A feature of the new brain is its ability to self-reflect. And given that the older unconscious parts of the brain tend to dominate, its easy to see why as individuals we carry out rather less self-examination than we are capable of. But what if an entire culture has a similar collective blind spot?
Lately we have spent a fair bit of time in and around the wellness industry. And this made us wonder about the nature of the new age culture, is it all rosy in the world of mindfulness and spirituality?
This culture has defining precepts of peace, environmental awareness, and personal growth. It's a world where meditation, yoga, and nutrition are part and parcel of a sub-culture known in many circles as the New Age movement. For the present purpose, i will just refer to this bundle of cultural identities as mindfulness.
We all know from the conventional narrative, that mindfulness is a good thing. Nonetheless if we use social neuroscience as a yard stick, a closer inspection shows up some interesting implications for our subculture.
Steven Porges identifies two important characteristics of a socially healthy person: accessibility and vulnerability. But so often when around people from retreat centers, intentional communities and environmental groups i find myself asking how come so many of us got to be so hard shelled and socially hesitant? People say, oh its a cultural thing, and well it is, but that doesn't mean it has to be that way.
They discuss issues around the lack of scientific rigor of the studies supporting mindfulness as a well-being protocol. They mention McMindfulness, the commercialization of the "spirituality industry". They talk about the departure from the traditional social roots of the originally eastern spiritual practices, and picking the parts out that allow us to reduce stress while continuing to participate without complaint in a non-human-friendly corporate and political system.
"Mindfulness just helps people cope... Instead of encouraging radical action, mindfulness says the causes of suffering are disproportionately inside us, not in the political and economic frameworks that shape how we live. And yet mindfulness zealots believe that paying closer attention to the present moment without passing judgment has the revolutionary power to transform the whole world. Mindfulness practices do not permit critique or debate of what might be unjust, culturally toxic or environmentally destructive. Rather, the mindful imperative to accept things as they are while practising nonjudgmental, present moment awareness acts as a social anesthesia, preserving the status quo... An illustrative example is the practice of recycling. The real problem is the mass production of plastics by corporations, and their overuse in retail. source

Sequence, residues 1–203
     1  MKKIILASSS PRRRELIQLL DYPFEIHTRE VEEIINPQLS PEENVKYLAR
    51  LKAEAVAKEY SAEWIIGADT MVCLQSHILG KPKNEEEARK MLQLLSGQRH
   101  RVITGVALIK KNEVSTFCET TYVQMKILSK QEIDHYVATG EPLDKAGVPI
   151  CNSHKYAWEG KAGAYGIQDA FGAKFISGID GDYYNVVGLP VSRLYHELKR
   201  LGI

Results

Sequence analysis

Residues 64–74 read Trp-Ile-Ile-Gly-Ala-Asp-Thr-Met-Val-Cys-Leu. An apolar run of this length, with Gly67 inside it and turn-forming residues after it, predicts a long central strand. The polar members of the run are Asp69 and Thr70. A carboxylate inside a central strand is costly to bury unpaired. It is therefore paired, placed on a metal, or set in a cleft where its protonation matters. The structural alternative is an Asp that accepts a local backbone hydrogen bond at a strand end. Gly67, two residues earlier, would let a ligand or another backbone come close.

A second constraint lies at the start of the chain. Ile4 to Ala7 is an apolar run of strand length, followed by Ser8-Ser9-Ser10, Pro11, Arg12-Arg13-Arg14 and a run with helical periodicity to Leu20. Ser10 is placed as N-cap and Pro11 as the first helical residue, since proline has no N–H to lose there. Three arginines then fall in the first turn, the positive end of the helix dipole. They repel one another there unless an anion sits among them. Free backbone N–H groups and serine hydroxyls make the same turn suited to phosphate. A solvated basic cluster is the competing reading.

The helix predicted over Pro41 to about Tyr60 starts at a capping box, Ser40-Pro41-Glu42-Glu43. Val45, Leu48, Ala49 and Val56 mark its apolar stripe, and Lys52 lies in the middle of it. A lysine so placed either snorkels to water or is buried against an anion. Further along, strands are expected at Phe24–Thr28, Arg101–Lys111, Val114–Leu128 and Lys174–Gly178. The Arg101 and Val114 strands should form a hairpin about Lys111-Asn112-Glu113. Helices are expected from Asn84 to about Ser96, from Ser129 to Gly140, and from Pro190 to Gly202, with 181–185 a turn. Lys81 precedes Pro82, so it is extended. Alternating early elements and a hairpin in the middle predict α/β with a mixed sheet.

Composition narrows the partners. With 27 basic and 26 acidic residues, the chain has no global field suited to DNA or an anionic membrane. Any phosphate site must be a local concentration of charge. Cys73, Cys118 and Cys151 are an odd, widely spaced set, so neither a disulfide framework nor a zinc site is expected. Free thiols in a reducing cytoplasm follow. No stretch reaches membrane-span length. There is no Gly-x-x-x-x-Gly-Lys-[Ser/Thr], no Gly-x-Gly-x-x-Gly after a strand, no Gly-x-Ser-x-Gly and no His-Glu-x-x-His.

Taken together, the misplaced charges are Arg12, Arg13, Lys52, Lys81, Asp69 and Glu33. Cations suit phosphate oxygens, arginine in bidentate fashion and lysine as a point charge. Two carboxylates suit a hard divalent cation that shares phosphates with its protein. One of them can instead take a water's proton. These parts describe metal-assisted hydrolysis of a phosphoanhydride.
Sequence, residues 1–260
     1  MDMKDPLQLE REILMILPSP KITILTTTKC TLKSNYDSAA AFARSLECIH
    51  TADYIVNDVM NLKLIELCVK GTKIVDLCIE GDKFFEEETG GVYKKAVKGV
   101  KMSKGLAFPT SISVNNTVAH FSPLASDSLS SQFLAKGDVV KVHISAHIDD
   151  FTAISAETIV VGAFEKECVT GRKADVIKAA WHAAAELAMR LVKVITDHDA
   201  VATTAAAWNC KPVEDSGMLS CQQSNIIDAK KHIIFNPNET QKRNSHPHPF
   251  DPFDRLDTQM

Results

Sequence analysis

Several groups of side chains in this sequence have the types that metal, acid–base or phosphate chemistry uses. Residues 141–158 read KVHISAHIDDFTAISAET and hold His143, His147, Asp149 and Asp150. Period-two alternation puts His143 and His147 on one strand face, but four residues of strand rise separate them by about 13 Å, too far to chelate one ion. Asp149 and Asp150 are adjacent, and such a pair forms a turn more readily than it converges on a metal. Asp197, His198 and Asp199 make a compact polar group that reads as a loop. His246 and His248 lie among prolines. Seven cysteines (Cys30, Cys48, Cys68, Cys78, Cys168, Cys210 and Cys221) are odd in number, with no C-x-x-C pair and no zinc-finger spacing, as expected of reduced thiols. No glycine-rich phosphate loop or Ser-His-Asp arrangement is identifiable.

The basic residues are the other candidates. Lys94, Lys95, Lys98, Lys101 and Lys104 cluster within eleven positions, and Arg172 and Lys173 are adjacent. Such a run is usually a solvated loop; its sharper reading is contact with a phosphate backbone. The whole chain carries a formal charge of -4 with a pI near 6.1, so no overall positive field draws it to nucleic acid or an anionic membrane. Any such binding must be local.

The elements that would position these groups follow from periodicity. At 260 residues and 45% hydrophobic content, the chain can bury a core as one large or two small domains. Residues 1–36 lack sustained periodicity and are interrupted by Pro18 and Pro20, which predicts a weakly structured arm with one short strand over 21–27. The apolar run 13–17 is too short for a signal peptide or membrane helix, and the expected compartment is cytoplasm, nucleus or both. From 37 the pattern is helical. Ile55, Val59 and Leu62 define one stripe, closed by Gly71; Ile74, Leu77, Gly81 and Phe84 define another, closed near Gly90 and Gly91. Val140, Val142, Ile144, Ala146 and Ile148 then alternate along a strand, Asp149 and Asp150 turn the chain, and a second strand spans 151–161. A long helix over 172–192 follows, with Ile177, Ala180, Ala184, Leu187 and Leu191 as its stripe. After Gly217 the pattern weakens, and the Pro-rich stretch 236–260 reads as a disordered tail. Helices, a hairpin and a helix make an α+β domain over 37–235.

My interest today focuses on the lack of interest that mindfulness appears to have for the value of connection. "I meditate every morning, am a vegan, go to yoga twice a week etc, that's the source of my identity as an evolved person". But do I need to collaborate, to organize, to negotiate, to risk showing my messy emotions to my fellow human beings?
We also noticed a distinct social phenomenon within these circles, so much so that we gave it the nickname nicey-nice. It's where people kind of wear a badge saying we are all happy and blissful here... but please don't come too close to me. If we talk, I agree to say nice things to you, on condition that you only say nice things to me. We will not ever deal with conflict.
Mindfulness has it that our path to connection is with the divine, the source of all things. But i wonder, how can we be truly well, and truly joined to a greater divinity, without being open to being connected with others?
I know from my own journey, that this sort of blind-spot lives in a particularly tricky hiding place. This is the nature of our protection layers. Not only do they protect us from others, but they protect ourselves from ourselves, by hiding the protection system from our conscious mind. That's called the protection of the protection.